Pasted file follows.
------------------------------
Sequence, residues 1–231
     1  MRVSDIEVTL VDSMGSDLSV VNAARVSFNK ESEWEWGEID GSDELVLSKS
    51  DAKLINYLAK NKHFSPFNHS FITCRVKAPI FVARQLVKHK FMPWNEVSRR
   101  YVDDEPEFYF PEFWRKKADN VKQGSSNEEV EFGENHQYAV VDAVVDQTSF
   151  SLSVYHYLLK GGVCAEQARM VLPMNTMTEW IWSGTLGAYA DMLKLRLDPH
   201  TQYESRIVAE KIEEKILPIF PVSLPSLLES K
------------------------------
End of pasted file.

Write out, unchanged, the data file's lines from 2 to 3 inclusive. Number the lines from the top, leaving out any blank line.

     1  MRVSDIEVTL VDSMGSDLSV VNAARVSFNK ESEWEWGEID GSDELVLSKS
    51  DAKLINYLAK NKHFSPFNHS FITCRVKAPI FVARQLVKHK FMPWNEVSRR